There were many others, most of which met and exceeded our expectations. But we each only could make one choice, and after much deliberation cast our coins.
When our evenings call for pizza, we generally opt for a trip Roman Candle in Middleton, but for all our visits over the years we’ve failed to sample their full menu. The restaurant’s red peppers soup, which we were introduced to last night, received a big thumb’s up for its savory flavors and creamy texture. It also received one of our two coins.
For sheer creativity and satisfaction, however, we had to cast our other coin for the Daisy Café & Cupcakery’s roasted vegetable enchilada. The serving, dressed with romatillo-avocado salsa and pico de gallo with a goat cheese sauce, was both rich and subtle (and it didn’t hurt that the restaurant brought along mini-versions of six of its cupcakes for dessert.)
By then our food comas began to take hold and it was time to leave. But we’re happy to report that The Flavors of Madison was once again a success and we salute all the foodies who participated on both sides of the serving tables.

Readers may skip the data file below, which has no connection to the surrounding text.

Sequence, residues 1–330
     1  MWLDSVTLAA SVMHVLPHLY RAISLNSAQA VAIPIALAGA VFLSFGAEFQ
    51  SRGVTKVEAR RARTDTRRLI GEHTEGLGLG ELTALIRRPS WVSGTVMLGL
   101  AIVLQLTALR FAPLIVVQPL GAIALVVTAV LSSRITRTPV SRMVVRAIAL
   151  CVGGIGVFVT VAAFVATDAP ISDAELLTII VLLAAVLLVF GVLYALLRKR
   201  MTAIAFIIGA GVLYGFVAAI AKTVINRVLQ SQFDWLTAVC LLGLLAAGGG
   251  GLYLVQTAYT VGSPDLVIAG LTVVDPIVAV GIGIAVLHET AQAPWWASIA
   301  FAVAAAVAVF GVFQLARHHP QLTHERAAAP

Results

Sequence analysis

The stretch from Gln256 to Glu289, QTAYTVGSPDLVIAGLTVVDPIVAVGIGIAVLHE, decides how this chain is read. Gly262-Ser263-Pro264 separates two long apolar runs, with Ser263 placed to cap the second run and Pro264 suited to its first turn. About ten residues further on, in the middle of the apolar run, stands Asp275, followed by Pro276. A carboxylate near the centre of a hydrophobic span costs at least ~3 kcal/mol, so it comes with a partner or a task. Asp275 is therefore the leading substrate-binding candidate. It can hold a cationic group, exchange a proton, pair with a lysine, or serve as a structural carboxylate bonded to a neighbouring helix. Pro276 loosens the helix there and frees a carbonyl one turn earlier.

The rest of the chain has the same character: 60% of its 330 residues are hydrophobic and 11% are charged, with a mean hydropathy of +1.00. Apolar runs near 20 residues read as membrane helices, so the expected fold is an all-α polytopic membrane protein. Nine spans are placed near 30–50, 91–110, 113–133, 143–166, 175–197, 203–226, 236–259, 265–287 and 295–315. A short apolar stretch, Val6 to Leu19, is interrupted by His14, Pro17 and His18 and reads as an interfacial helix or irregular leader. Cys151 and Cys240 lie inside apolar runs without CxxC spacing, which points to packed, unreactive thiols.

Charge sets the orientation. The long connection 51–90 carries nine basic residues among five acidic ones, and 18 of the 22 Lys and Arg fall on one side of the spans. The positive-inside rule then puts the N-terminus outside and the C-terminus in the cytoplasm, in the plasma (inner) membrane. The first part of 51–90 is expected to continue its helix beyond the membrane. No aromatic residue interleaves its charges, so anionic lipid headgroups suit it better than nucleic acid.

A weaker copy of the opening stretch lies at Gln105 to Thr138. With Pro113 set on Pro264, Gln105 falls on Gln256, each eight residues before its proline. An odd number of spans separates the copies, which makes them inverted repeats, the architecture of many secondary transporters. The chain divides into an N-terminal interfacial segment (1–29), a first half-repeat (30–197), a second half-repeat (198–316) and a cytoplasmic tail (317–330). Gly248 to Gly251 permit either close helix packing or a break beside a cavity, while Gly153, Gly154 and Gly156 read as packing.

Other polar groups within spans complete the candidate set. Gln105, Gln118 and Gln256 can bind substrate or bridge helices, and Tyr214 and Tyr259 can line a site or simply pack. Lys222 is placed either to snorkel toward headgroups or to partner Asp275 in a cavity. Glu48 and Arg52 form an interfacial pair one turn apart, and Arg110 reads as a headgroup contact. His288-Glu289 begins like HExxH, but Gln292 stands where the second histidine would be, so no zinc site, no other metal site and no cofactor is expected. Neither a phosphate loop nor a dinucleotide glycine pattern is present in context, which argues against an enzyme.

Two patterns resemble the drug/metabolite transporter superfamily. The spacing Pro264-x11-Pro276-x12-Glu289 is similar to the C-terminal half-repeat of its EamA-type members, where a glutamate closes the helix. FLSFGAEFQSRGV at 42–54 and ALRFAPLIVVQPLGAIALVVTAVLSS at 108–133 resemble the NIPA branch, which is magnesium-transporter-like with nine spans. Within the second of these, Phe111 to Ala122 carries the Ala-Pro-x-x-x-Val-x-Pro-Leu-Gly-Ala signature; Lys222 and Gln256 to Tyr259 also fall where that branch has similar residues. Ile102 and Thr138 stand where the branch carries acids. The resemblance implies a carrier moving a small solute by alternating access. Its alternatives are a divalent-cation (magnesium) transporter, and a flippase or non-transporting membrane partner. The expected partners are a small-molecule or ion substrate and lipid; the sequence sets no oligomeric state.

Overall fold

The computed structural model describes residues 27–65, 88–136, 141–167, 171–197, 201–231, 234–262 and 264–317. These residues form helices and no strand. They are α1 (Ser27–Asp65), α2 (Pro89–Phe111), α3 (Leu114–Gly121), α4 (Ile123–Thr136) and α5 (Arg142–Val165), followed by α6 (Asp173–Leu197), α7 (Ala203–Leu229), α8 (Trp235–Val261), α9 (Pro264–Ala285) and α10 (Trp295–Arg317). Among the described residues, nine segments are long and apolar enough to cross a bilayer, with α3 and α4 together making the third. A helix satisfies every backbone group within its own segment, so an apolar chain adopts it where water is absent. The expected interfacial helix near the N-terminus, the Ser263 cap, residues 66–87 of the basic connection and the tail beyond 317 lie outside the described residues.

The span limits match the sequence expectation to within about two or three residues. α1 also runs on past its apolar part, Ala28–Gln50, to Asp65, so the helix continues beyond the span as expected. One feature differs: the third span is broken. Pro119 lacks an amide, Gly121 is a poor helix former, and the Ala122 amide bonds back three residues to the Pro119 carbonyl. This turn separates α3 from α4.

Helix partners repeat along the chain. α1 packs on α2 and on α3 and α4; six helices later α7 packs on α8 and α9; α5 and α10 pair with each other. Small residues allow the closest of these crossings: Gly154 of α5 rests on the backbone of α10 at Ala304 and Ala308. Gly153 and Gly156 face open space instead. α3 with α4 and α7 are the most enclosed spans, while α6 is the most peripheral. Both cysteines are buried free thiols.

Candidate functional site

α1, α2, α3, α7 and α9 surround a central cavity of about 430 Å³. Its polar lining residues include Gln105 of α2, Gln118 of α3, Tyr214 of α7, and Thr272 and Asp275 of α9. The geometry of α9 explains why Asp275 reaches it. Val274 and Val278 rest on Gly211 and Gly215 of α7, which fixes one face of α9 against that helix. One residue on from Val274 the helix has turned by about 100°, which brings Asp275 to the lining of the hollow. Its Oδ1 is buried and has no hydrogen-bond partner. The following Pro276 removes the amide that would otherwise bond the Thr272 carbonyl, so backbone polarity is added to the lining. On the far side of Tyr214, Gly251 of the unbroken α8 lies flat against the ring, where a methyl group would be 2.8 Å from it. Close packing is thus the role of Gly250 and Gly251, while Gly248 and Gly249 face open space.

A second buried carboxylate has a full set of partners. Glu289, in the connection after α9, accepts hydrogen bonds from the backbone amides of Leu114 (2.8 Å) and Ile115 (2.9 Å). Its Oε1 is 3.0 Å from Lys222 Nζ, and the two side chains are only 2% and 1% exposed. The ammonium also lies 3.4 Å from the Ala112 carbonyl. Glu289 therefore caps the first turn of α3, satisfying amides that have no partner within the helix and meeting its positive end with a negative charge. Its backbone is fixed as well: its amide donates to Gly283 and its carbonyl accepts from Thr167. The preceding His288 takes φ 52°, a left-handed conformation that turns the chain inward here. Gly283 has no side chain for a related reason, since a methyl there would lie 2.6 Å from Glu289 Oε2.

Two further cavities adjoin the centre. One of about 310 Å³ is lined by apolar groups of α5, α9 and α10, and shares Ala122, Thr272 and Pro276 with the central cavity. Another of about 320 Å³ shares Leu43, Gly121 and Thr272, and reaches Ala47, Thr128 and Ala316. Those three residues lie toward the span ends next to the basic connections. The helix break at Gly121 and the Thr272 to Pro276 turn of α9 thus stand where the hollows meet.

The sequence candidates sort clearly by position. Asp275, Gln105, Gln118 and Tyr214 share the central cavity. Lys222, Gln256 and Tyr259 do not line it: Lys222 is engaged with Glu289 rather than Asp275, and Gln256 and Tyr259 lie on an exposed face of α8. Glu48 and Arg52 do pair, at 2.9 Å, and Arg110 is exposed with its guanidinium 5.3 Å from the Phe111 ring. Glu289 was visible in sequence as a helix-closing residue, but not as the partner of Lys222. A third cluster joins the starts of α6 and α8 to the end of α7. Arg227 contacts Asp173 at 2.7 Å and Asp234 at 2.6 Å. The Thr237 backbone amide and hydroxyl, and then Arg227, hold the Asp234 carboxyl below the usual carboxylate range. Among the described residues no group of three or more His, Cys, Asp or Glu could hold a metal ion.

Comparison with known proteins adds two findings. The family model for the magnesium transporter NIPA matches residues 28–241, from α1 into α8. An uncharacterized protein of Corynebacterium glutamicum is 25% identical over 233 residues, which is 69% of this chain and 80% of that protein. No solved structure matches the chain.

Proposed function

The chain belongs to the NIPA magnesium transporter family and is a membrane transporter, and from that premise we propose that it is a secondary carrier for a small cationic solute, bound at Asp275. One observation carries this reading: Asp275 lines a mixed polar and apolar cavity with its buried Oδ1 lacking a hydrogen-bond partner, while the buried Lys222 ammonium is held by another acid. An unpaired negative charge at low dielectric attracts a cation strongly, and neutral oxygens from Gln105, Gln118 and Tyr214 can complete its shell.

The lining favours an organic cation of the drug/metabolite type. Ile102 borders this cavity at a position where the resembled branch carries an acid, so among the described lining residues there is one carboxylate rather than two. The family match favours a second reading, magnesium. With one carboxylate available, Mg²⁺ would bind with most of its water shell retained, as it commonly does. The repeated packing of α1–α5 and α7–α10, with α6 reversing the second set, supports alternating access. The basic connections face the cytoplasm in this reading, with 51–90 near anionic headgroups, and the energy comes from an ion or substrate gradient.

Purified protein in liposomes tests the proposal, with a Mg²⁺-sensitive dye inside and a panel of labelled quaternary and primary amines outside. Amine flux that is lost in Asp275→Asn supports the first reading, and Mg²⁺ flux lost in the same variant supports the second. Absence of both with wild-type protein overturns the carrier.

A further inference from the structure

When an orchestra receives a more enthusiastic audience response that its internationally known guest soloist, that response says something not only about audience expectations, but also the orchestra’s ability to fulfill them. When the group is the Wisconsin Chamber Orchestra, such a response no longer comes as any surprise.
WCO, under the baton of Maestro Andrew Sewell, closed is season Friday at the Capitol Theater in Madison’s Overture Center for the Arts with a rich program that lived up to the series name of Masterworks. The two-hour concert was bookended by Haydn’s Symphony No. 83 in G minor (La Poule) and Beethoven’s Symphony No. 2 in D Major. Sandwiched in between were the Joseph Cantaloube’s Chants d’Auvergne and a pair of Mozart arias masterfully performed without amplification by soprano Susannah Phillips.
Phillips’ soaring voice and delicate phrasing left none in the audience wondering why she had just completed her fifth consecutive season with New York’s Metropolitan Opera. Yet her performances — which included Cantaloube’s haunting, heartbreaking “”Bailero”, the famous “Non di mir” aria from Mozart’s Don Giovanni and the composer’s rarely heard “Bella mia fiamma” – were greeted with respectful and appreciative applause.
The audience saved its cheers, applause and standing ovation for the Beethoven, which closed the evening.